Senn: As tempting as it might sound: I consider the introduction of a concrete penalty scheme to be unlikely. In my opinion, many of the recently proposed approaches for either correctly reflecting risk in remuneration schemes or for taxing the bonus components do not constitute effective methods. The result would be that many of the finance specialists affected would move out of regulated areas and instead look for employment in the para-banking sector which is not impacted by these kinds of measures.

From an auditor's perspective, which practicable path would you propose ?
Senn: A bonus must be geared toward long-term criteria and indicators. That's irrefutable. I'm convinced that the best approach is still a stock-based remuneration scheme where the stock cannot be sold during a specific period of time. That gives management a strong incentive to foster the company's sustainable development and remain employed there over the long term.

Individual political players are proposing the introduction of a special tax on bonuses. Is this a sensible remedy for trimming excessive bonus payments ?
Senn: If you ask me, tax initiatives are not an appropriate way to try to regulate bonus payments. In Switzerland, competitive taxes and a moderate tax burden are firmly established as vital, reasonable elements of an attractive business location. Special taxation of salary components, as already practiced in Great Britain, would only provoke a shift in compensation through other constructs. In light of rampant national debt which is placing increasingly greater constraints on upcoming generations' ability to act, a forced increase in the ratio of government expenditures to gross national product would be entirely out of place.

Then which role should the government play ?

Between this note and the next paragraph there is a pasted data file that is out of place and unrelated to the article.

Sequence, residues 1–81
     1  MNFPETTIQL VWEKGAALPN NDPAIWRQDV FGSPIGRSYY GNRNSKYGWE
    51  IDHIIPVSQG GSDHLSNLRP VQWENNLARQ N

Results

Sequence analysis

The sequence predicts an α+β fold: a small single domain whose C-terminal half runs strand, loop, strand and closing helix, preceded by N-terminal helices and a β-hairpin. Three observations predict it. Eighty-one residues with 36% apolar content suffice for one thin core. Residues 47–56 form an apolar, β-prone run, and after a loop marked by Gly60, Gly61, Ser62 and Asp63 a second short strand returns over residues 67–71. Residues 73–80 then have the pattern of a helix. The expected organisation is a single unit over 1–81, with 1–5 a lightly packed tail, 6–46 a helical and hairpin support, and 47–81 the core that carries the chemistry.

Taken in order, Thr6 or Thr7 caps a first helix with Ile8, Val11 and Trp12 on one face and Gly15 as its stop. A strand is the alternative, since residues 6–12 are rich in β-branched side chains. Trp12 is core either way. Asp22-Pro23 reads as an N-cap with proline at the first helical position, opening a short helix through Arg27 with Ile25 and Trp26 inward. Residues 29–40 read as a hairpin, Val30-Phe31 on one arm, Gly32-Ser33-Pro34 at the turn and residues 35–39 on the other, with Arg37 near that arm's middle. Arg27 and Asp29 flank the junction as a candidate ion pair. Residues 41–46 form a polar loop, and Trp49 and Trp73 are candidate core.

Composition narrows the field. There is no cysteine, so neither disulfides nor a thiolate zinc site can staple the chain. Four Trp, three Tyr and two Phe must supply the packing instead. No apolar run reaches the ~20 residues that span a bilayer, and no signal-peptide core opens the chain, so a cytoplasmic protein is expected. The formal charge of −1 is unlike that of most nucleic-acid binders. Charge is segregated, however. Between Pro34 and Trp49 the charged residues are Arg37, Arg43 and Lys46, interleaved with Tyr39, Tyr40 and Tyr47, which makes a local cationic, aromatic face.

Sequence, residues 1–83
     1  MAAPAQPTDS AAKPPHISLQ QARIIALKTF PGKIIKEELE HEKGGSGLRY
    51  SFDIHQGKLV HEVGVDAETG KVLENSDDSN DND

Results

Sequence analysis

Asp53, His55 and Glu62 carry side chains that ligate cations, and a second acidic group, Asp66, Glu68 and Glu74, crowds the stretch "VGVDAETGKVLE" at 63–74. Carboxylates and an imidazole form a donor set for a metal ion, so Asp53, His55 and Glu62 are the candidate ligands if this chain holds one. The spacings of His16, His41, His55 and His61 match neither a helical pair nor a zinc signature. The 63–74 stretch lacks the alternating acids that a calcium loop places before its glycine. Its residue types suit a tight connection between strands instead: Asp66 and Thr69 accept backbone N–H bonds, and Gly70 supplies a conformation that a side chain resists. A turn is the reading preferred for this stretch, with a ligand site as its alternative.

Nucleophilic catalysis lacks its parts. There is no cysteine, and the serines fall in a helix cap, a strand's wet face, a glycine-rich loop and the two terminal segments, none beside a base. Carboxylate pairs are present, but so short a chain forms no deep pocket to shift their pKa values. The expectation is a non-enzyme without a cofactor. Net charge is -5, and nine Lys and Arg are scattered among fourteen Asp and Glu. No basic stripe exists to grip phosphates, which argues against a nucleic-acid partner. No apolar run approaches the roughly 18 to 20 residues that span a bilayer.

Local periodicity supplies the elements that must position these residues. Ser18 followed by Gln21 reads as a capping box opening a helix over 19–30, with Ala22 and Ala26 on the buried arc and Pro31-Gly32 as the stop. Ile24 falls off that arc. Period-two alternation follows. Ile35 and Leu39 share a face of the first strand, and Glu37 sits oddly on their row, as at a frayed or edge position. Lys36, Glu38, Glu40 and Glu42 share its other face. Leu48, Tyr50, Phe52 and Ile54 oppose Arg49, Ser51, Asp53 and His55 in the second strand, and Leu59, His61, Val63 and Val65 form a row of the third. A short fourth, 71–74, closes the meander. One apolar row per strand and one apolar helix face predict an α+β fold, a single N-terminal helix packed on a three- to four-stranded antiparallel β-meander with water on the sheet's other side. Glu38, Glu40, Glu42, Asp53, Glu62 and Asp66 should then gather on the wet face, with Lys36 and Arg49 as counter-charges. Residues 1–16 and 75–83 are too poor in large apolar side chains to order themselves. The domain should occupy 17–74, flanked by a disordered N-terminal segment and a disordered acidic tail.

Senn: We have to take the "too big to fail” problem seriously and the government has to adapt the conditions in such a way that makes it practically impossible for banks to take system-relevant risks. Riskier transactions need to be reduced to an acceptable level through the payment of adequate insurance premiums or higher capital requirements. The government cannot play the part of a free comprehensive insurance policy.

Regulations are accepted if they give the companies affected and their stakeholders a competitive advantage and avert potential damage. With that in mind, is FINMA's circular a step in the right direction ?
Senn: FINMA has, indeed, established a good foundation for international regulation. However if neither the EU nor the USA move in the same direction and introduce similar regulations, a strict stand-alone solution in Switzerland would put it at a clear competitive disadvantage. Consequently, KPMG is working together with a university to draw up a best-practice study on the topic of remuneration in the financial services sector which we will be presenting to clients and the public before the year is over.

Interview: Andreas Hammer, Brand & Communications
KPMG Switzerland

Daniel Senn
Daniel Senn is a Swiss certified accountant and has served as Head of Financial Services and a member of the Executive Committee at KPMG Switzerland since June 2007. His professional career began in banking. Since joining KPMG in 1997, he has managed engagements for major national and international banks and clients in the funds sector. In addition, he has supervised complex special engagements from the Swiss Financial Market Supervisory Authority (FINMA).

Jeudi 10 Juin 2010